What We’re Reading: Does SEL Work for Students of Color?

Author: Shyanne Miller


What We're Reading
The education world is facing an equity crisis. Students of color, low-income students, students with disabilities, and English learners (to name a few) remain underserved by our current system. While many fight for solutions, gaps in our collective knowledge and understanding of the complexities around educational inequity linger.

Each month, the Rodel team will share some thoughts on a book, essay, article, or video related to equity in education with the hope that we will challenge both ourselves and others to think more inclusively about education reform.


What I’m Reading:  Is Social and Emotional Learning Really Going to Work for Students of Color? (Dena Simmons, EdWeek)

I’ve read a lot about social and emotional learning lately: SEL research, SEL policy, SEL best practices, SEL webinars—you name it. Much of what I come across re-hashes some version of familiar talking points—what students need to know to be socially and emotionally competent, best practices when it comes to setting standards, or engaging districts in implementing SEL programs.

But here, educator and researcher Dena Simmons takes us back to a fundamental question about SEL. Is it going to work for students of color? In all the work we do to advance the education system for “all students,” how often do we stop and ask ourselves if our solutions are going to work for those most in need? This article challenged me to reconsider basic questions about not only SEL, but in all our collective work in education.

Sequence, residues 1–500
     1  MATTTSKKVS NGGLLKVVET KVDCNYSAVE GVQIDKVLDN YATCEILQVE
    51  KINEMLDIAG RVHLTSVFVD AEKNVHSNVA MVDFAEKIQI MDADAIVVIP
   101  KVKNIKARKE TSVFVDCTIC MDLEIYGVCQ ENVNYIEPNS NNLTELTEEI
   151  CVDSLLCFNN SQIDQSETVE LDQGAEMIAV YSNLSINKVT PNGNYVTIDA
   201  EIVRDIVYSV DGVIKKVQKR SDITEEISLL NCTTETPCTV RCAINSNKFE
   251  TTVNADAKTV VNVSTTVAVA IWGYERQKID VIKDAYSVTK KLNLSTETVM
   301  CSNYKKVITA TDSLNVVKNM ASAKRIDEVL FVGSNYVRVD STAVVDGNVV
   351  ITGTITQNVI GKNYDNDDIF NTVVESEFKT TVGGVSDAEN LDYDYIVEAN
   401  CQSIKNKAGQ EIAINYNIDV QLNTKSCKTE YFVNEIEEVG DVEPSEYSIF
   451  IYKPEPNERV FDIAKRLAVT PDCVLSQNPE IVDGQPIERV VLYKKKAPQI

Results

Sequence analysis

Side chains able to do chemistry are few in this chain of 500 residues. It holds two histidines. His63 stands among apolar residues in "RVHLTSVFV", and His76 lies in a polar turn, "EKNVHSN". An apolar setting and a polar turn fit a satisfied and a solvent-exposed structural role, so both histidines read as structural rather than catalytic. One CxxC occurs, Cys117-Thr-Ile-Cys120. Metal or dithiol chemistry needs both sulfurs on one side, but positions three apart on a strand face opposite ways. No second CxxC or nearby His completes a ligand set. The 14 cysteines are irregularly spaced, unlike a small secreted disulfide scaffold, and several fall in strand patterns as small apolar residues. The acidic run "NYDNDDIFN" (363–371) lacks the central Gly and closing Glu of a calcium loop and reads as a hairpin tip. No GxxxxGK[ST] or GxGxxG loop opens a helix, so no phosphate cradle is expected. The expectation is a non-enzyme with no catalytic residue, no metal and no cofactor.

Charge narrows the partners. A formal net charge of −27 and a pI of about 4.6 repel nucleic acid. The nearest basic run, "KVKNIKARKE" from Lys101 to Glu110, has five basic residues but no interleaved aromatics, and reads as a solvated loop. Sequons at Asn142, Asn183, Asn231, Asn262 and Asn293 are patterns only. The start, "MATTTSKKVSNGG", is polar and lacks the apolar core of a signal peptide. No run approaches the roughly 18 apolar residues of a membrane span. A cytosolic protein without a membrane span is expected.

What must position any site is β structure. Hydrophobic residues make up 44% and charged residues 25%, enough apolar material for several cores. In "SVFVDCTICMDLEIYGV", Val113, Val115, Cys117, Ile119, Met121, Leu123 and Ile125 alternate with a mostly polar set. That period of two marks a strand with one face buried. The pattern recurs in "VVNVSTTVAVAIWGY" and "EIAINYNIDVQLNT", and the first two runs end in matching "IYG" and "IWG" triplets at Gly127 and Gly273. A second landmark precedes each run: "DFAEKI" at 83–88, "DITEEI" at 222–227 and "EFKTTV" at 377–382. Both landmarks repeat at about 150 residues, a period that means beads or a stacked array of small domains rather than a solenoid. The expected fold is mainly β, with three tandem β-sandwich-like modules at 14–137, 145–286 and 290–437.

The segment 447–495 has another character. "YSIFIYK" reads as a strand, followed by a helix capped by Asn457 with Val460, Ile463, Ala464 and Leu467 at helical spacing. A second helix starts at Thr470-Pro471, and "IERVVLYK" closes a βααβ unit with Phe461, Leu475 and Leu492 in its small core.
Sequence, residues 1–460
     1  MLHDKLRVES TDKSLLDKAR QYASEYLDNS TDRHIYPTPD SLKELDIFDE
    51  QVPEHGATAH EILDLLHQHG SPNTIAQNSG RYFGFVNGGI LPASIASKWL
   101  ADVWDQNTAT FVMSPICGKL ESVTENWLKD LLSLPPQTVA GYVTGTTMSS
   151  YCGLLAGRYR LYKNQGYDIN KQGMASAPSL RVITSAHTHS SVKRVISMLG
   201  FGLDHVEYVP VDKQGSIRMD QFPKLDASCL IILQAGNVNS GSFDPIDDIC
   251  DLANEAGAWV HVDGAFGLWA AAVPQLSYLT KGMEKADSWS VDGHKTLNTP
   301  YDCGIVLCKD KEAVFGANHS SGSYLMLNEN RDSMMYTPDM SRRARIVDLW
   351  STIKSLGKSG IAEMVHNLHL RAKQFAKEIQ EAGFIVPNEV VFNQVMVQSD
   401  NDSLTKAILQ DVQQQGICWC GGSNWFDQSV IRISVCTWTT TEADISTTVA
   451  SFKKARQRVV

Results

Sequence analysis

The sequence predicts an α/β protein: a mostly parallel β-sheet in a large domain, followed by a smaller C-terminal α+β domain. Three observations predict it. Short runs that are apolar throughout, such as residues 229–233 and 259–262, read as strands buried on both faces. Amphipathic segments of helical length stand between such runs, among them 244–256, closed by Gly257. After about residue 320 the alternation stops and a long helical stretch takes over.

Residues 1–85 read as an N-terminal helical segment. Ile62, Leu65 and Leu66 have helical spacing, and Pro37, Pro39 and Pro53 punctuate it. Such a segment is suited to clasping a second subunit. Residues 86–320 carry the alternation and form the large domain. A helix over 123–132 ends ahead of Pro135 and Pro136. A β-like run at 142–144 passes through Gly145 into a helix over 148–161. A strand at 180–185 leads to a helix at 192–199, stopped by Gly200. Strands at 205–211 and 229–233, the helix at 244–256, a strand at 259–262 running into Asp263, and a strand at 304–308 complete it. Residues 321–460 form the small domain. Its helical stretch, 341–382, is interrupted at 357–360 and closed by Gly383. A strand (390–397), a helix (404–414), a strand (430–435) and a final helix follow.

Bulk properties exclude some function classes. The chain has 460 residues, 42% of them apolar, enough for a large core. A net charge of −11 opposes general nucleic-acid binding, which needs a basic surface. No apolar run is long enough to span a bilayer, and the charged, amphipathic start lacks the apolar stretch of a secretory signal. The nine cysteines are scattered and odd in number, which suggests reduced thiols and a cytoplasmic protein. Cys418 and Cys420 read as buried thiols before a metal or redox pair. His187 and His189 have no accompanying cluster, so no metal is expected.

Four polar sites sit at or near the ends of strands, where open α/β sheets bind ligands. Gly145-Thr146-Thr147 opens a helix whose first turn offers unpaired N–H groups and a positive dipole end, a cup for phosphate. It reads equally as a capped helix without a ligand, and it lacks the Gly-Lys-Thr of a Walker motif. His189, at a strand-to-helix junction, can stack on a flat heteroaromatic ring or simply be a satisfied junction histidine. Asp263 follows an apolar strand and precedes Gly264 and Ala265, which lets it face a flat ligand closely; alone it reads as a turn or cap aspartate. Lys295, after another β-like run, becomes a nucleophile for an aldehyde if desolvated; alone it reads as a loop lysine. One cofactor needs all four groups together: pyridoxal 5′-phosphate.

Most poignantly, however, Simmons makes me ask: How can we make sure SEL isn’t further perpetuating educational inequities for students of color?

2 Responses

  1. Jon LoBiondo says:

    Hi, I have had a growing fascination with this subject over the last few years. Are students of color biologically predisposed to struggle with social and emotional learning or is there more of a socioeconomic component to this issue?
    It has been my experience that the socioeconomic strata seem to reflect more impact on social and emotional learning for students. This has come from working with pre-K and kindergarten students. Do these issues change for students as they get older?
    Thanks for helping me understand this issue more completely.

  2. Shyanne Miller says:

    Students of color are not biologically predisposed to struggle with social and emotional learning or academically. Biological assumptions based on race are typically rooted in racist science that has long been debunked. Socioeconomics do have an impact on a student’s SEL, considering that students living in poverty are more likely to experience trauma. However, any student can face trauma, no matter what their race or socioeconomic status. Students with trauma require intervention—and it is never too late for intervention. We cannot expect age to help mitigate the effects of trauma without key tools and learned skills to do so. This is why educators are essential in understanding trauma and culturally-responsive approaches to mitigating it. The point of this is not to say that black and brown kids cannot learn social and emotional skills. It is to say that the methods we’re using to instill them, the approaches we institutionalize, and the internal bias and deficit mindset of educators/community members (or whoever is working with these students) can make it interventions ineffective for black and brown students.

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